A humanitarian devastation after last month’s floods threatens to throw south Sudan’s referendum for independence into confusion following the displacement of over 60,000 of its population. The region’s population of 8 million is short of food and malaria has broken out.
According to south Sudan’s Health Minister, Luka Monoja, the rains were expected to continue until October, meaning the worst may be yet to come, and some believe that this devastation could affect the region’s referendum for independence.
Analysts fear the mounting humanitarian crisis will add to problems of insecurity ahead of the January 9 vote and probably destabilize a newly independent state should the referendum pass.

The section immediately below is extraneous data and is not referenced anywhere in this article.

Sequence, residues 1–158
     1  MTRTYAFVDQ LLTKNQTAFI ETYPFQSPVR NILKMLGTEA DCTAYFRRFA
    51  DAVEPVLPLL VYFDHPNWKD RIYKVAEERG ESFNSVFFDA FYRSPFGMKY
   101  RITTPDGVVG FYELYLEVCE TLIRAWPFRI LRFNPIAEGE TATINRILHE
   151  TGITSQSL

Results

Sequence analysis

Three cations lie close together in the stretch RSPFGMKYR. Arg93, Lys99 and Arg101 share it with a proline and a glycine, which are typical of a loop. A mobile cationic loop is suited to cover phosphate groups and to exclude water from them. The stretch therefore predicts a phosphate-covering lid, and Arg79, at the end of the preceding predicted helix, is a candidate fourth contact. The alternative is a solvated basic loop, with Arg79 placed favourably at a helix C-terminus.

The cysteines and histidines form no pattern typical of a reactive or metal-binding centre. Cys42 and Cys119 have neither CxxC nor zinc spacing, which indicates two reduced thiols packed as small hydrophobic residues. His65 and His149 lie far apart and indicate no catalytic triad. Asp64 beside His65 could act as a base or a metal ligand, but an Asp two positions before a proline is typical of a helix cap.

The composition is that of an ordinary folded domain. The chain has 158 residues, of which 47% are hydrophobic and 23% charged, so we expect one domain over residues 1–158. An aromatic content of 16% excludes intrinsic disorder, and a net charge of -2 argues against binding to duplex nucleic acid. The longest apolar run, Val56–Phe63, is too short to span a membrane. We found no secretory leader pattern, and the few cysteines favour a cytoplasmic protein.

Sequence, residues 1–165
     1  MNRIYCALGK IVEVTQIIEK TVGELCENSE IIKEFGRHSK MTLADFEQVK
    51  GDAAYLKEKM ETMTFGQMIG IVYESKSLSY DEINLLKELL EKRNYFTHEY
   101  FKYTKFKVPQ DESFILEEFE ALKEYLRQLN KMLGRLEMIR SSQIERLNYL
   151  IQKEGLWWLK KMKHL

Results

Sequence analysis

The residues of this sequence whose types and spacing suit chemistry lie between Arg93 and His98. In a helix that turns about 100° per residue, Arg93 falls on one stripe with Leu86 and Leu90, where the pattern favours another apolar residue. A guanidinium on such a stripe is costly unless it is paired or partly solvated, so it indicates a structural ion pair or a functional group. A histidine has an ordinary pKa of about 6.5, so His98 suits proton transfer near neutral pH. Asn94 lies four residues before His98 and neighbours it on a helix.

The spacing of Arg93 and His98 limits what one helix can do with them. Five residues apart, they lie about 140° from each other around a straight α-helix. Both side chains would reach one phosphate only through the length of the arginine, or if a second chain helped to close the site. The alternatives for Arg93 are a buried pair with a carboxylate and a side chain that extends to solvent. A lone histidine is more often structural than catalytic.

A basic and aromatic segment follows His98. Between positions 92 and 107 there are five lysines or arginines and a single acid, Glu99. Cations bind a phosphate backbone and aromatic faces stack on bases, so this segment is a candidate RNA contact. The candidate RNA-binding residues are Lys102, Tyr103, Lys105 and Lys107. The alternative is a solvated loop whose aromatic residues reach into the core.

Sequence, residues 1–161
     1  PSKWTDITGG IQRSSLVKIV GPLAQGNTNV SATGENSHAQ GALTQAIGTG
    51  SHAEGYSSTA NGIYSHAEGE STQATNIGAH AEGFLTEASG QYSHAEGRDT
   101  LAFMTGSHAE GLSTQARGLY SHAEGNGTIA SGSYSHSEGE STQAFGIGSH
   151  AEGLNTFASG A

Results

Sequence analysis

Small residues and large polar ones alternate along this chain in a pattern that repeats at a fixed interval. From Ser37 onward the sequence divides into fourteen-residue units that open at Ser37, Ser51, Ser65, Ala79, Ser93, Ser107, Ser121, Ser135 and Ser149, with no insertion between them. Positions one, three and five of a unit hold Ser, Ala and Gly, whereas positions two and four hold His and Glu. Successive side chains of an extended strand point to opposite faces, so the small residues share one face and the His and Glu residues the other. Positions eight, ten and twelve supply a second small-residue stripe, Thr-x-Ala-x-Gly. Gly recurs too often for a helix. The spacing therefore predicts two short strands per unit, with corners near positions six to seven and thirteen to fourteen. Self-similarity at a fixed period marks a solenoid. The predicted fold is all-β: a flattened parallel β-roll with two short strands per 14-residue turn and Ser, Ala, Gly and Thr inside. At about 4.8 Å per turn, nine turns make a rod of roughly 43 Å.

Meanwhile, Northern Bahr El-Ghazal, the region due to receive some of the 1.5 million people the government plans to bring home from northern Sudan before the January vote is most affected by the flood.
Undersecretary for health, Olivia Lomoro, said the capital of Northern Bahr El-Ghazal state, was ground zero for the crisis. The area which was one of the hardest hit in a two-decade long civil war is already heavily reliant on international food aid.
“In the last one month 57,135 people have been displaced by the floods. Many were at risk of malaria and water-borne diseases,” Olivia Lomoro was quoted.
Sudan’s mainly Christian and animist south has fought the mainly Muslim north over ethnicity, ideology and resources since 1955, in what has been described as Africa’s longest running civil war.
A 2005 peace deal brought the war to an end; including a referendum for the south’s independence.
However, the road to independence for the south has not been without concerns, and the humanitarian devastation in the region threatens the regions stability.